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She Oughta Be in Pictures
by Betty Jo Tucker

As a film critic, I always read a novel with one question in the back of my mind -- would it make a good movie? Tiana, Gift of the Moon, Pinkie Paranyaís second book in the Women of the Northland Series, passes this test with flying colors. An intelligent, courageous heroine searching for her lost daughter in the Northern Canada and Alaska of 600 A.D. is every bit as compelling as todayís Lara Croft: Tomb Raider or Halle Berryís Catwoman. And, from the depth of description about what life must have been like in Tianaís time, itís clear the visuals would be even more exciting than in many contemporary films.

For example, howís this for a great movie scene? On page 184, Paranya writes, ďThe giant grizzly lowered his head and in a blink of an eyelid he rammed into her (Tiana), hitting her hard with his body, his roar deafening, close to her ear. Too close for the lance, she dropped it and held her hands up over her head to keep her scalp from being torn off. He swiped with his paw, the black claws looking like large black stones and time stood still as the claws descended on her shoulder. She didnít feel the pain, the shock of the impact was too great. She fell to her knees and grabbed at the bird bolo, instinctively flinging it around the bearís back legs.Ē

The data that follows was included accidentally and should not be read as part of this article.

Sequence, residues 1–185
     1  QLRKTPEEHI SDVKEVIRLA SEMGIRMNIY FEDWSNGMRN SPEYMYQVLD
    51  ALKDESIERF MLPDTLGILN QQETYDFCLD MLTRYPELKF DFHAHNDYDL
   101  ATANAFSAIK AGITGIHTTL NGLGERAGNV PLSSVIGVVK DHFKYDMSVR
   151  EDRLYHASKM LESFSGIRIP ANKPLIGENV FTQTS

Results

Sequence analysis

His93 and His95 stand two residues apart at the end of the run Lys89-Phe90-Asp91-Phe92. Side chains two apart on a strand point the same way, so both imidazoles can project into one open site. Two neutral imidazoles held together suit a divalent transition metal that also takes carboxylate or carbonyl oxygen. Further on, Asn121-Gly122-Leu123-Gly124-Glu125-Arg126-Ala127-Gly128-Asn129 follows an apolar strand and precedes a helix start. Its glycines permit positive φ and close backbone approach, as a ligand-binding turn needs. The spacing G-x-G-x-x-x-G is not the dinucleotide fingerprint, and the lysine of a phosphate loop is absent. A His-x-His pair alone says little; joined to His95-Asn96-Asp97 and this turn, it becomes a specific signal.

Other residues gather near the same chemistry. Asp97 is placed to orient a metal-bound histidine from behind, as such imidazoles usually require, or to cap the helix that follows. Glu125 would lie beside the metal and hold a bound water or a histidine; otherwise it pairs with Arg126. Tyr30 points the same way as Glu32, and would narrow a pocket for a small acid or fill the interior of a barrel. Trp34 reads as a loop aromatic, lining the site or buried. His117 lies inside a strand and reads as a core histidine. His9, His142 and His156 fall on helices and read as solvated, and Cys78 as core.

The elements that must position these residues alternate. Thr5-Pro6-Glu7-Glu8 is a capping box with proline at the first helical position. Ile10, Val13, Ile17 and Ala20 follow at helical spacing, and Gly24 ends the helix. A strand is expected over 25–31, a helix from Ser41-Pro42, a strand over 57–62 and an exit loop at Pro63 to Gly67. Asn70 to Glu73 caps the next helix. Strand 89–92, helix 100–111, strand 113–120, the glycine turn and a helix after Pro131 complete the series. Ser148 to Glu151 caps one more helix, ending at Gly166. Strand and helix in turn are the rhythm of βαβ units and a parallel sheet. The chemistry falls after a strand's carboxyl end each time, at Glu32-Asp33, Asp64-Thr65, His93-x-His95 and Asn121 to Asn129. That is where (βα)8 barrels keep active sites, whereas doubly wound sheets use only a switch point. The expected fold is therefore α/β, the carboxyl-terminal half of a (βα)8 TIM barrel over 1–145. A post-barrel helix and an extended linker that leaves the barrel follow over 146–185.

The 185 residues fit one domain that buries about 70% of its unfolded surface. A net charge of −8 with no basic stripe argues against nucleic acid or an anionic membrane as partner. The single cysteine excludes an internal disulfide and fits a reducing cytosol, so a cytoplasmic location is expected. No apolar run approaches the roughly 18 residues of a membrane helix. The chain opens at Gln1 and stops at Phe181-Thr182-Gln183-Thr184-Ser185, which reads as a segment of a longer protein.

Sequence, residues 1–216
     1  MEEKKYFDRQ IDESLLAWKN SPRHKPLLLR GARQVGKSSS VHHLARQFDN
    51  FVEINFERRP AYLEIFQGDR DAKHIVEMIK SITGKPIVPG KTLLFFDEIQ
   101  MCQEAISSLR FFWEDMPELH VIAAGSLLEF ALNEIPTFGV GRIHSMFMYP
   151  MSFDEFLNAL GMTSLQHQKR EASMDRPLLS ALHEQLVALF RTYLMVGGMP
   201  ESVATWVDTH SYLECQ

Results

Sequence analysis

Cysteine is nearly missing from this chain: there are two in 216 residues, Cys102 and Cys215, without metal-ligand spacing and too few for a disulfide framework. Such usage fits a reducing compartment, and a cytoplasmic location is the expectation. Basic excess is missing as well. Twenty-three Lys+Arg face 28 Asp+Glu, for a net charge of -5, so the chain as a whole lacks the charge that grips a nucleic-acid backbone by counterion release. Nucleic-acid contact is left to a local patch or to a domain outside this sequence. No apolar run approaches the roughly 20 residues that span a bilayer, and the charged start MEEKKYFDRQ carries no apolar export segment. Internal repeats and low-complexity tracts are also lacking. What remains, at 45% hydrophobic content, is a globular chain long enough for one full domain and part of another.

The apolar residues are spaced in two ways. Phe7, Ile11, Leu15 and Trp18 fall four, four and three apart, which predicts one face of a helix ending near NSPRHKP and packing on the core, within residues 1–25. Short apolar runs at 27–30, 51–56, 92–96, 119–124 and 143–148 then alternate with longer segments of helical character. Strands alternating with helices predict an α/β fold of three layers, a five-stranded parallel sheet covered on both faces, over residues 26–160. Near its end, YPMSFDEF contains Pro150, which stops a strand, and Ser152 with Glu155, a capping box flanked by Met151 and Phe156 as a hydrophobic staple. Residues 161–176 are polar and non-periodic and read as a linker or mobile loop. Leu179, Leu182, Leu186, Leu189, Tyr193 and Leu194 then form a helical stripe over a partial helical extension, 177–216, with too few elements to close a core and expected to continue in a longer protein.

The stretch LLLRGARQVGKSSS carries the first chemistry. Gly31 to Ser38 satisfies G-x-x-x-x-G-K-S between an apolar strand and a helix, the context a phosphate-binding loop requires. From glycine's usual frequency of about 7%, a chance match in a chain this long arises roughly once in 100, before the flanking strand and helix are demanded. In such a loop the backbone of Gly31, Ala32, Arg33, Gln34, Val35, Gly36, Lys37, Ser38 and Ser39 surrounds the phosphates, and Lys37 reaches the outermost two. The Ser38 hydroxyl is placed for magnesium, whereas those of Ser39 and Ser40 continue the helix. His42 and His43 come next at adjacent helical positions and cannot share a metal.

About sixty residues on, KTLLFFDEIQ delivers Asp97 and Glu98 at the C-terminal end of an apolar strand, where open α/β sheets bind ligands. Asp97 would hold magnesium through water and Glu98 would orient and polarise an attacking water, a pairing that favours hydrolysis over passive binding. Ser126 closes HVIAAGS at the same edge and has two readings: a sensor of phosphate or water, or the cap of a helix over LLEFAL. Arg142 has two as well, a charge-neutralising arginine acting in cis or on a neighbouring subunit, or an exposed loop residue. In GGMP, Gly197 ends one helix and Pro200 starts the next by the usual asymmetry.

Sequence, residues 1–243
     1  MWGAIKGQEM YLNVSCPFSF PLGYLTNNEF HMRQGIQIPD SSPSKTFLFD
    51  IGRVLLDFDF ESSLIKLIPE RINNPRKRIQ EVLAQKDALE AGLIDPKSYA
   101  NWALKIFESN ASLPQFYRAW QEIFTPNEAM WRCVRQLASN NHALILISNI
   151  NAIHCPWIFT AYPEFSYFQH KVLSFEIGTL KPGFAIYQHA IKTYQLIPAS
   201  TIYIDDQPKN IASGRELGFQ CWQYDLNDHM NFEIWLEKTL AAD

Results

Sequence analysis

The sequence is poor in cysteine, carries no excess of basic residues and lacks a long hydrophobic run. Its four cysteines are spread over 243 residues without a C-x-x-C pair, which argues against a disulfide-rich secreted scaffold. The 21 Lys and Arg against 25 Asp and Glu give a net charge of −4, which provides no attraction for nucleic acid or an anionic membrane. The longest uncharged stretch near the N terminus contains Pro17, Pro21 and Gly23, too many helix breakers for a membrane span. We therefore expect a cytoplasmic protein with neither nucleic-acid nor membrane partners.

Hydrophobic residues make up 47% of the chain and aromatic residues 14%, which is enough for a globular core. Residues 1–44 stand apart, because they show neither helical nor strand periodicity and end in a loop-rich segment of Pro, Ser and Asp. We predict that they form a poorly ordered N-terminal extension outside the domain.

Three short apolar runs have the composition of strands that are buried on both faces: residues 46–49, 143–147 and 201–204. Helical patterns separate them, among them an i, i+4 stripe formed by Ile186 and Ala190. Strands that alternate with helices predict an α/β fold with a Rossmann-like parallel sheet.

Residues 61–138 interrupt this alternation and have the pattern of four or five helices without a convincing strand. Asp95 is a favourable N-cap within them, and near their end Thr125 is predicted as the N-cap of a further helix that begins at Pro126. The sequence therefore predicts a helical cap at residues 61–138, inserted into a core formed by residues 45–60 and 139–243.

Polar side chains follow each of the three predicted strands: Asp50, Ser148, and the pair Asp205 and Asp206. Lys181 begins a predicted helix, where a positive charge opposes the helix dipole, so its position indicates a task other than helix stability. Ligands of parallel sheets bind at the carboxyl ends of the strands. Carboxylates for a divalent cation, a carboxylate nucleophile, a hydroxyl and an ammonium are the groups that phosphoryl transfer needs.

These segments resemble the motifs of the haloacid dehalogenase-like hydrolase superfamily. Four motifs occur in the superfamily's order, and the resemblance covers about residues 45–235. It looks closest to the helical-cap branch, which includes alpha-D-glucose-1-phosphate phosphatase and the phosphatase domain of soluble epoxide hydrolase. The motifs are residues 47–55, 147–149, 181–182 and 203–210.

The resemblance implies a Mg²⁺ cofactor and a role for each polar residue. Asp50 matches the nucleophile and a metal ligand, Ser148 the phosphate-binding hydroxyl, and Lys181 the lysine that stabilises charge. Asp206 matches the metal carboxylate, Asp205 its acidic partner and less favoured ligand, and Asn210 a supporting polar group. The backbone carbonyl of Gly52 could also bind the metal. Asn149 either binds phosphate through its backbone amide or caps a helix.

Chosen to be Raven Woman, the latest in a line of strong and mystical female leaders, Tiana heeds her spiritual visions as she confronts wild animals like the huge bear above, challenges shamans, falls in love, saves lives and forms a new family. Through skillful character development, Paranya evokes the readerís empathy and admiration for this incredible young woman. In addition to relating an extraordinary adventure, the highly talented author makes it easy for us to care about what happens to Tiana and the people she loves.

I donít believe Iíve ever experienced a more heightened sense of place while reading a novel like this. Paranya, whose Raven Woman won ForeWard Magazine's Award for Best Historical Fiction Book of the Year, uses vivid language to paint breathtaking pictures of a fascinating world that, though it existed long ago, can still inspire us with the universal themes of  bravery, determination, compassion and hope.

(For more information about Pinkie Paranya and Tiana, Gift of the Moon, visit

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